Actually, I don't think that a brokerage would fund this like Salon was, but something has to give. I mean, it's great Clinton hired Peter Daou, but there are people who want to report and not work for pols and they need options as well.
We can build our own media, but we have to build it.
This is what I wrote to the annoying posters on Kos shooting at this idea.
Folks, this is a discussion where most of you don't know what you're talking about.
Booman wants to make a living so he can give YOU a better product. I can take money and buy books and pay for services like Times Select, so you don't have to. I can support other bloggers. I can buy equipment. But I am still far from paying for reporting.
I've been very lucky, but y'all need to get over the idea that this can be done for free. Slashdot is a profit making enterprise for a reason. It costs money.
So does blogging. Because it takes time to actually research topics, go places and the like.
Reporting is expensive. It cost money to go places and the more people who can do this full time, the better the work you'll get.
If you want punditry forever, this is a perfect system. But if you want real reporting, from trained people, it isn't going to be cheap and you need to realize that now.
Here's what a full time blogger can do: not worry about a boss, post on a constant basis, actually report on stories away from their desk.
You want the benefits of blogging, but act like it's some kind of sin to actually invest time and money in it.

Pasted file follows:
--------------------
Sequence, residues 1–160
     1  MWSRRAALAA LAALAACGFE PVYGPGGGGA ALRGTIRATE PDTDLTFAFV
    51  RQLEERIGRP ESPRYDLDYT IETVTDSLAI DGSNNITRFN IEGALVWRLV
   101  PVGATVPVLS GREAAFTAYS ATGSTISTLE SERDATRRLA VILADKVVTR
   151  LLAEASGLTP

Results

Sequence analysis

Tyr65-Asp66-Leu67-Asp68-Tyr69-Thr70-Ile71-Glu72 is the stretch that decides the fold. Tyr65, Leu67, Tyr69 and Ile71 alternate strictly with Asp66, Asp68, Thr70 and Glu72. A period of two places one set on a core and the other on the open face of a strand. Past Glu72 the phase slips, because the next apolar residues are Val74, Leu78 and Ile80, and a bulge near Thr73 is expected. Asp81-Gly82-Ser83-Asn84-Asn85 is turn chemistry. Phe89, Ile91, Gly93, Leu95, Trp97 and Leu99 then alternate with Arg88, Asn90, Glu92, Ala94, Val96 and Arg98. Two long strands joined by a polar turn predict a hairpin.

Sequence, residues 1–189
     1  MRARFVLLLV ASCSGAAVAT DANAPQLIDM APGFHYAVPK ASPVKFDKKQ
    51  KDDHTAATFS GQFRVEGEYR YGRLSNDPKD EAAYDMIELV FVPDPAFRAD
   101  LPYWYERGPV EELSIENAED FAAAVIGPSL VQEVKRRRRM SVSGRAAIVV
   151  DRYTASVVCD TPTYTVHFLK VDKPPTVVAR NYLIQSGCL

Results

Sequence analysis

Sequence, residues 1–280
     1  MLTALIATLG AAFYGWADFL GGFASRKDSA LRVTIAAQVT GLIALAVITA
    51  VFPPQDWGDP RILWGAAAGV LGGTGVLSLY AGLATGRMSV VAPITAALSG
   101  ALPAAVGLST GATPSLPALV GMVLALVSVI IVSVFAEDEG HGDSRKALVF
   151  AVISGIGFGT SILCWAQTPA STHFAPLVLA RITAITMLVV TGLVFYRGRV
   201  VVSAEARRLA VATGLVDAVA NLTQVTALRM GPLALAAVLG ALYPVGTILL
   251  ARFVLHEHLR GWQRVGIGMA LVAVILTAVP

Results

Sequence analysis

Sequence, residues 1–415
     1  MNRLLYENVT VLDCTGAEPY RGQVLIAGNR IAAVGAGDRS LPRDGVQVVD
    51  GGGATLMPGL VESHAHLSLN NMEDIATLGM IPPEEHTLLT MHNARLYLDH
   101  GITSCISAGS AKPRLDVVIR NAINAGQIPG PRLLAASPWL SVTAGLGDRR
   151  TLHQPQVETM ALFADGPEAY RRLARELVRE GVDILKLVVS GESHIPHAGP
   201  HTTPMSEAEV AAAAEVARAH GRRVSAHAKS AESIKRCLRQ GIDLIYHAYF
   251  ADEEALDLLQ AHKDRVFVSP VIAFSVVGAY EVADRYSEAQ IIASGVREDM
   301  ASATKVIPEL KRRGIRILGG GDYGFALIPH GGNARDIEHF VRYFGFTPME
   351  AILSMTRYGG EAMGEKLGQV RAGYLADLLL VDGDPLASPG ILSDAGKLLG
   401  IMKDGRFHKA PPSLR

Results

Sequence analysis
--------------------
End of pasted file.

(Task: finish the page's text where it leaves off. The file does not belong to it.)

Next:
As far as building the site, the man is asking for help, and the people who jumped on him should be ashamed. How many of you work this hard at anything, including a blog? Why should he have to take a vow of poverty to keep you informed, because you can't make extra money when you have a blog to keep up, no side jobs and blogging. You can't exactly work, blog and freelance.
Oh yeah, speaking of freelancing, check on TAPPED's rates and see how many pieces they would have to buy for you not to be broke.
I refused help and money for a long time, until my readers said I needed to get paid for what I did. It wasn't my idea. But they were right.
And the people who say get a job should try full-time blogging, and then we can talk about what a job is.
People cannot do this for free. Money makes for a better product and if you want to build a new media, it has to be built. And you have to help do it, not jump down someone's throat because they came to you for help.
This isn't about the model, although I think a real publication by bloggers could blow Salon and TNR out of the water given the quality of the work here, but about the idea.
And instead of ripping it apart while you sip Starbucks at work, why not think of a way to make it happen?
posted by Steve @ 2:23:00 AM